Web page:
Days after raising tariffs to 25% on $200 billion in Chinese imports, President Donald Trump warned the world’s second-largest economy not to retaliate, tweeting that it “will only get worse!” Perhaps falling victim to a 4D chess move, Beijing dismissed the president’s warning and announced new import levies to go into effect next month. Is this a measure that will further escalate the U.S.-China trade dispute, or will it be the final shot before a new trade agreement is ratified?
The Chinese Empire Strikes Back
When China said in September that it would counter any higher tariffs by Washington, it was serious. President Xi Jinping is sending the message that you won’t have China to kick around anymore, which is fascinating because President Trump is conveying the same idea: You won’t have the United States to kick around anymore.
On June 1, China will raise tariffs on 5,140 U.S. products, valued at about $60 billion. These American imports will be subjected to 5%, 10%, 20%, and 25% rates. Last year, China slapped more than 5,200 U.S. goods with 5% and 10% duties in response to its counterpart’s initial 10% levy.
The Ministry of Finance said in a statement:
“China’s adjustment on additional tariffs is a response to U.S. unilateralism and protectionism. China hopes the U.S. will get back to the right track of bilateral trade and economic consultations and meet with China halfway.
“The escalation of trade friction is not in the interests of the people of the two countries and the people of the world. China feels deeply sorry for that. If the U.S. tariff measures are implemented, China will have to take necessary countermeasures.”
The 25% tariff will target 2,493 products, including cosmetics, frozen vegetables, liquefied natural gas (LNG), peanut oil, petrochemicals, and soy oil. The other 20% levy will focus on nearly 1,100 goods, such as chicken, peanuts, sugar, turkey, and wheat.
Neither the White House nor the Treasury Department issued comments in response to the move.
Art of the Trade Deal
Just hours before China responded with higher tariffs, President Trump went to Twitter to vent his frustration and offer insight about what has been going on.
In a series of tweets, he urged Beijing not to retaliate because the country “will be hurt very badly if you don’t make a deal.” The president revealed that China and the United States had a superb pact on the cusp of being completed, but “you backed out!”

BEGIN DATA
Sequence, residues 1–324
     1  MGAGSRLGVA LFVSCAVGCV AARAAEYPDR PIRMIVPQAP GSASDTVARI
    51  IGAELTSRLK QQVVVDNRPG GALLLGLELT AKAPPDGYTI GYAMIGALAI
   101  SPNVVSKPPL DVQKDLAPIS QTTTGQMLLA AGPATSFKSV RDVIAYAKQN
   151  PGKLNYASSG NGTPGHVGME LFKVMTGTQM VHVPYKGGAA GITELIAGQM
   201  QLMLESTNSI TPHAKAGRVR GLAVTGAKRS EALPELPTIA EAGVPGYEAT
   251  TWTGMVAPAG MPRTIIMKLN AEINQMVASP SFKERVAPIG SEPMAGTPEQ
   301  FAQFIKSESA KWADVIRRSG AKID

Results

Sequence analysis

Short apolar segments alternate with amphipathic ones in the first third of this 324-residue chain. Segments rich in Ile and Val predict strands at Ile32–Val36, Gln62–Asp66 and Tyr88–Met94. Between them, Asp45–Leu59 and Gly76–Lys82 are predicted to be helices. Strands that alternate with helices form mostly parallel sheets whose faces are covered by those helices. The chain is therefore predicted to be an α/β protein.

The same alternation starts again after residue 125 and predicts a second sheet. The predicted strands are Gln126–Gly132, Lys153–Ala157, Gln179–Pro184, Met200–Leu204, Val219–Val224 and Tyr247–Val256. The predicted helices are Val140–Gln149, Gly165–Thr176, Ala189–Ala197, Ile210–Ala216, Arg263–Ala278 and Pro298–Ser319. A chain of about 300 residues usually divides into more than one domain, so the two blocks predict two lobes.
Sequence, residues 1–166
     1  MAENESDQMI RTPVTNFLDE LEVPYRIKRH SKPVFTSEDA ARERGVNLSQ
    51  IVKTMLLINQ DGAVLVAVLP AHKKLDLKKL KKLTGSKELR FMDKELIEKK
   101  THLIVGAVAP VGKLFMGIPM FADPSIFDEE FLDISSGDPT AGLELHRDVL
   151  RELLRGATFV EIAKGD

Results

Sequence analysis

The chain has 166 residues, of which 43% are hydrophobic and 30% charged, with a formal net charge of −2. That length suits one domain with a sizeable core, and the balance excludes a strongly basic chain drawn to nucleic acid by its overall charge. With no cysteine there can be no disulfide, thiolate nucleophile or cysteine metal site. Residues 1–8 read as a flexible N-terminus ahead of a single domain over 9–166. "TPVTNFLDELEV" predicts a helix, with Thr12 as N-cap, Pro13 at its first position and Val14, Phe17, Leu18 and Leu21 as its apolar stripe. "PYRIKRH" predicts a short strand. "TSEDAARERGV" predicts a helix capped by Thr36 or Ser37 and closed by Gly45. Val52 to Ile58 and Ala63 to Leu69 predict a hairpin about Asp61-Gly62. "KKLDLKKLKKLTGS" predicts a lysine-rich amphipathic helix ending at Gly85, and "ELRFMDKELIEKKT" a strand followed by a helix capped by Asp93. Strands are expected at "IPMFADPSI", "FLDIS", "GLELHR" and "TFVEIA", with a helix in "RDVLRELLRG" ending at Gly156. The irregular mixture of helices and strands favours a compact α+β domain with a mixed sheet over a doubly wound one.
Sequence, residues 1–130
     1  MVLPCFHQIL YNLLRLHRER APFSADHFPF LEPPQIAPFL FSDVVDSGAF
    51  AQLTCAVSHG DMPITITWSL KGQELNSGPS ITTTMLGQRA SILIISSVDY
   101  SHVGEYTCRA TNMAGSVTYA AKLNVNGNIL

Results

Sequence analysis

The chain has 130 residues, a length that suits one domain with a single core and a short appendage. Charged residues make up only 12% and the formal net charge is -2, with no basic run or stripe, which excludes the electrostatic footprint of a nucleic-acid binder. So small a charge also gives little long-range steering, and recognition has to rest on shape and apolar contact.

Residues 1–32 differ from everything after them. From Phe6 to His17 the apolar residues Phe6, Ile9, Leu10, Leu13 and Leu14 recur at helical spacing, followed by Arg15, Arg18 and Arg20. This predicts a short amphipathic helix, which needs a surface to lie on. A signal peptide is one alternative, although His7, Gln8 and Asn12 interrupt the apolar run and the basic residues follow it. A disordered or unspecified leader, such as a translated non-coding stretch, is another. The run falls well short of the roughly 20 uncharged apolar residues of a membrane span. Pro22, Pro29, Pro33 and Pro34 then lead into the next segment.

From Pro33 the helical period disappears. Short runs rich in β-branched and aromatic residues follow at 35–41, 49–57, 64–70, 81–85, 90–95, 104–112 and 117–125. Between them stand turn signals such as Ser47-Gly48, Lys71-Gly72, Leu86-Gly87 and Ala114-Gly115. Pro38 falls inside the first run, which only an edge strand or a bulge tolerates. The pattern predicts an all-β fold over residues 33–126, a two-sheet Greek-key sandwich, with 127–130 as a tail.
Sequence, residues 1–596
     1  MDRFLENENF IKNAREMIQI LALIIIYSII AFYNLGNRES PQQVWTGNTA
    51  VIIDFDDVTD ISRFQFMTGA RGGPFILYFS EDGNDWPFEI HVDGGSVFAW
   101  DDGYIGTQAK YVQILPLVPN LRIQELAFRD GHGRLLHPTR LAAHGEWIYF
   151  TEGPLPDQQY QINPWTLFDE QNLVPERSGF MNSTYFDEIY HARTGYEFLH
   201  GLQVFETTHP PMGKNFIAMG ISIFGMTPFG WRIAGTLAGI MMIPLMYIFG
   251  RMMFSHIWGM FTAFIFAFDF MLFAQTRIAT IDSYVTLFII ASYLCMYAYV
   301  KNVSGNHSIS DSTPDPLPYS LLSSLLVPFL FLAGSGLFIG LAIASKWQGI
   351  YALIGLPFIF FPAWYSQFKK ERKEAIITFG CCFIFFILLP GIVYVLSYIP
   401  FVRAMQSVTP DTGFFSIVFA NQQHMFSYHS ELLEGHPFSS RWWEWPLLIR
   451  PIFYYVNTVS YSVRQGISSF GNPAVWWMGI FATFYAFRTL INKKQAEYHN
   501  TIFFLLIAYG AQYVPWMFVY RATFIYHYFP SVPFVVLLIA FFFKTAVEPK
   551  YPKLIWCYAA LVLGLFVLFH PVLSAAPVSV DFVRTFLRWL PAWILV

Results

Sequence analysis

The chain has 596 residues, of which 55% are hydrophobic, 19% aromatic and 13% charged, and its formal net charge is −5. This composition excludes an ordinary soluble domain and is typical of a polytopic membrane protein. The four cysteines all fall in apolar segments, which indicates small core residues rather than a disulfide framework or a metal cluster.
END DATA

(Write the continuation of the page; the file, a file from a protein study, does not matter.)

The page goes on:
Trump further explained that these levies can be avoided if you conduct transactions in non-tariffed nations or in the United States, which he thinks is the better of the two options. In the end, the president asserted, many companies will leave China for Vietnam and other Asian neighbors and “that’s why China wants to make a deal so badly!”
He concluded his tweet storm:
“There will be nobody left in China to do business with. Very bad for China, very good for USA! But China has taken so advantage of the U.S. for so many years, that they are way ahead (Our Presidents did not do the job). Therefore, China should not retaliate-will only get worse!”
China was unconvinced, vowing that it “will never surrender to external pressure.”
Now that another round in the ongoing trade strife has commenced, the key question is: What’s next? The logical outcome of this interruption in international commerce is higher prices. Goldman Sachs forecasts that the core inflation rate could top 2% by the end of 2019 or beginning of 2020:
“The costs of the tariffs have fallen entirely on U.S. businesses and households. Further escalation of the trade war could result in a hit to GDP as large as 0.4%, and if trade tensions sparked a major sell-off in the equity market the growth impact could worsen considerably.”
Consumers have already suffered from the sticker shock in recent months, spending an additional $1.4 billion a month in higher costs. For everything from washing machines to floor lamps to furniture, the average U.S. household can anticipate being dinged an extra $500 per year. It might not seem like much now, but Katheryn Russ, an economics professor at the University of California at Davis, warns that once shoppers notice tariffs on cellphones, “then you’re going to see people scream.”
With the back-to-school shopping season around the corner, parents and children will feel the pinch.
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